GOP lawmakers dealt setback

Appeals court delays deposition of House clerk in suit aimed at undoing special session

December 27, 2007|By Gadi Dechter | Gadi Dechter,Sun reporter

In a setback to Republican lawmakers seeking to invalidate tax, spending and gambling bills passed during the special session of the General Assembly, the Court of Special Appeals ruled yesterday that a key witness cannot be deposed today as planned.

Court filings indicate that attorneys for GOP legislators want to ask Mary Monahan, chief clerk of the House of Delegates, about official documents relating to a five-day adjournment by the Senate in November.

"I wouldn't expect that this is at all a comment on the merits of the positions," said plaintiffs' attorney Irwin R. Kramer about the court's decision to stay Monahan's deposition until it rules on the admissibility of her testimony.

"I'm pretty confident that when the judges take a look at the merits ... they will allow us to ask the questions we all need answers to."

Yesterday's ruling by a three-judge panel, made in response to an emergency petition filed Christmas Eve by the attorney general's office, is the latest in a flurry of developments in a high-stakes lawsuit about a little-known provision in the Maryland Constitution.

Led by Del. Michael D. Smigiel Sr. of Cecil County, five Republican lawmakers and a local businessman filed suit Dec. 13 in Carroll County Circuit Court claiming that the General Assembly violated a constitutional provision requiring that either legislative chamber formally consent to a break of more than three days by the other.

The lawsuit argues that when the Senate took a five-day break during the special session - while waiting for the House to finish its work - it failed to get proper approval from the House, thereby invalidating all the bills that were later passed.

The state says the lawsuit is an attempt by Republicans to undo laws they could not defeat legislatively and is without legal merit. The state further argues that Monahan's testimony is irrelevant and is in any case "privileged" by the constitutional separation of judicial and legislative powers.

Leslie D. Gradet, clerk of the special appeals court, said she did not know when the judges would issue a final ruling on whether Monahan could be deposed. Sandra B. Brantley, an assistant attorney general in the General Assembly's office, said she expected a ruling would come before proceedings on the lawsuit reconvene Jan. 4 in Westminster.

A central figure

Monahan emerged as a central figure in the case Friday, when Kramer asked Circuit Judge Thomas F. Stansfield to postpone hearings in the case until the House clerk - who is on vacation in Florida - could be found and a deposition taken.

Stansfield agreed and issued the delay until Jan. 4. "I see the issue of what the clerk may say as having great interest in this case, possibly," he said during Friday's hearing.

Kramer declined again yesterday to say precisely what questions he has for Monahan, who was scheduled for deposition in Tampa, Fla., this morning.

But in papers filed with the Court of Special Appeals, he wrote that the purpose of Monahan's deposition is to discover "when certain documents were received, when certain documents were created, and whether many of the documents relied upon by the Attorney General and legislative leaders were fabrications designed to conceal a constitutional impropriety."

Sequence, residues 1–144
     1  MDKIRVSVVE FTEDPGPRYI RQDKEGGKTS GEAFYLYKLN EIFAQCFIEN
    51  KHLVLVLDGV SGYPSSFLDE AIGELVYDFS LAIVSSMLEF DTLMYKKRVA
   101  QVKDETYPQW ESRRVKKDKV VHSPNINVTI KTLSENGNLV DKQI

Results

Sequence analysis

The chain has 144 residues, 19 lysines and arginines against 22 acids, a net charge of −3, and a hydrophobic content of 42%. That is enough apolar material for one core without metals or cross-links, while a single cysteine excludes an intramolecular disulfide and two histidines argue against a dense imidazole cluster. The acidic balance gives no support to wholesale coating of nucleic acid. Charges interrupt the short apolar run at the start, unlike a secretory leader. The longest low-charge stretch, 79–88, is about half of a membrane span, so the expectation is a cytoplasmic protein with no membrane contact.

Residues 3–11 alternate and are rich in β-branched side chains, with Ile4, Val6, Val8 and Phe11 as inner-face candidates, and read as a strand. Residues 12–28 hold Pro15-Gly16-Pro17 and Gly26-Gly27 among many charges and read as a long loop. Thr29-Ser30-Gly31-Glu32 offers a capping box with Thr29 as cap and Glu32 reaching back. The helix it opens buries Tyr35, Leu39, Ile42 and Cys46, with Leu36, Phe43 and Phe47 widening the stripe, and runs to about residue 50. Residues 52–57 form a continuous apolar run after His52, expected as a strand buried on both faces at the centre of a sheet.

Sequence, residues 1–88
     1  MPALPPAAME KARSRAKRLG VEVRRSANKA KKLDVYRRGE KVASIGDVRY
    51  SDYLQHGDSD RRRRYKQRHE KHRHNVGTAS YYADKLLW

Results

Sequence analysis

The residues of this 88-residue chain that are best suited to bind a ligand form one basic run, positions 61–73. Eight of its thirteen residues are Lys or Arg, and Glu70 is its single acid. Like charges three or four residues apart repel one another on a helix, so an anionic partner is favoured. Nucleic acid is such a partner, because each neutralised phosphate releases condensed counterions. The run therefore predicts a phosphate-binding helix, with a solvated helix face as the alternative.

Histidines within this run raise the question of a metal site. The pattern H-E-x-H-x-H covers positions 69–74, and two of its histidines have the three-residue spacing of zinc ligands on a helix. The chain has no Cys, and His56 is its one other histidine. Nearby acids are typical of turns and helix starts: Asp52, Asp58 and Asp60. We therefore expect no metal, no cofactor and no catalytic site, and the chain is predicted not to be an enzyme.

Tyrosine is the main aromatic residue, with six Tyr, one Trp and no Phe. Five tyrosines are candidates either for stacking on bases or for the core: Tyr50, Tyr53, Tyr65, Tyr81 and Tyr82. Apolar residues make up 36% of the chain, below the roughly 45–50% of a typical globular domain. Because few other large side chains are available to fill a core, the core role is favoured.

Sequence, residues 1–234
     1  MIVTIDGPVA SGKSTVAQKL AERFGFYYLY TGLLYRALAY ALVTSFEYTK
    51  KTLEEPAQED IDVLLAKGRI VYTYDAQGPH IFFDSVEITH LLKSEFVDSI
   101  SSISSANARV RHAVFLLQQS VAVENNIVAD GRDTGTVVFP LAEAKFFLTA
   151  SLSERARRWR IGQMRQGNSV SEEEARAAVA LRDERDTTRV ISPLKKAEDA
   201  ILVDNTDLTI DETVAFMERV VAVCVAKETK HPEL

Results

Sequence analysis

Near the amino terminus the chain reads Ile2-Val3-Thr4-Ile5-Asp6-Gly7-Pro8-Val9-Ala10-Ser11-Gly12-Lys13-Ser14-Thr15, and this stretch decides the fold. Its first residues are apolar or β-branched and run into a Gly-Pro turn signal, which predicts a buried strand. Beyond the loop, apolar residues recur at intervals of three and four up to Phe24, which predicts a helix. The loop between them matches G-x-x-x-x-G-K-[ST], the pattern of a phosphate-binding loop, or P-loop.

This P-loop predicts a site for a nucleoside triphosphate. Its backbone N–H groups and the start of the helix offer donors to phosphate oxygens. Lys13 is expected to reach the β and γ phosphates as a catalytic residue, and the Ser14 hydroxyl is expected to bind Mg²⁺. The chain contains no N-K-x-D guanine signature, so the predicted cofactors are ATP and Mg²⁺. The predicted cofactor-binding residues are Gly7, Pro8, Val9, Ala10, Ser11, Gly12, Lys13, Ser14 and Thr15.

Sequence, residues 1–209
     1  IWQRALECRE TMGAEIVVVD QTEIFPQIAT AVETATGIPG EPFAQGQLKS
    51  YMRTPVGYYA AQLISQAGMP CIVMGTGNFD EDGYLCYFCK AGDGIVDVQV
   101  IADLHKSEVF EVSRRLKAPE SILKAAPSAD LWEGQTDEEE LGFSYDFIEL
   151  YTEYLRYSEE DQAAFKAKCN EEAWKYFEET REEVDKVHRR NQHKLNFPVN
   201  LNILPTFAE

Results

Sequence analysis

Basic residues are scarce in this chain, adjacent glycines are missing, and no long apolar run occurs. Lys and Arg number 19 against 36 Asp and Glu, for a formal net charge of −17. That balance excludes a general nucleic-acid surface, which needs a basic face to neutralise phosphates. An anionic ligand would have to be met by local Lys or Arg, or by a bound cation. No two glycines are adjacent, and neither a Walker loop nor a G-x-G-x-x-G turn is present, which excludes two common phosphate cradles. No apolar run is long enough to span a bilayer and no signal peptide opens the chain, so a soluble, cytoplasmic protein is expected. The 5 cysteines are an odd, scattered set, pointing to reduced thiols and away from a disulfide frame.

Part of the defense's case is its contention that the House did give appropriate consent for the Senate's five-day adjournment, as required by the constitutional provision designed to prevent one chamber from derailing the entire legislature's work.

According to House records, the Senate requested permission Nov. 9 to adjourn until Nov. 15. On Nov. 12, Monahan sent a message consenting to the adjournment, those records show.

But the Senate's records indicate that it intended to adjourn only until Nov. 13. A day earlier, President Thomas V. Mike Miller sent an e-mail to senators, informing them that the Nov. 13 session had been rescheduled to Nov. 15.


The discrepancy in the records raises the issue of whether records were altered after Republican lawmakers asked on Nov. 15 if the Senate's adjournment met the standards laid out in the state constitution.

As House clerk, Monahan is responsible for her chamber's official records.

Byron Warnken, who teaches state constitutional law at the University of Baltimore, predicted that the courts would ultimately allow Monahan's deposition, despite the state's legislative privilege argument.

"Notwithstanding the separation of powers ... I think the courts cannot be denied the power to determine whether the constitution has been complied with," he said.

But Dan Friedman, author of a book on the Maryland Constitution, said courts are historically loath to probe the provenance of legislative records. "Under the separation of powers, they don't dig in," he said. "Courts will presume in these procedures that the legislature is following the rules."

Even if there were procedural irregularities involving the adjournment's consent, Friedman predicted the courts would not allow the plaintiffs to exploit them to reverse major legislation.

On Jan. 1, increases to the income tax and tobacco tax are scheduled to go into effect, followed by sales tax changes Jan. 3.

Baltimore Sun Articles
Please note the green-lined linked article text has been applied commercially without any involvement from our newsroom editors, reporters or any other editorial staff.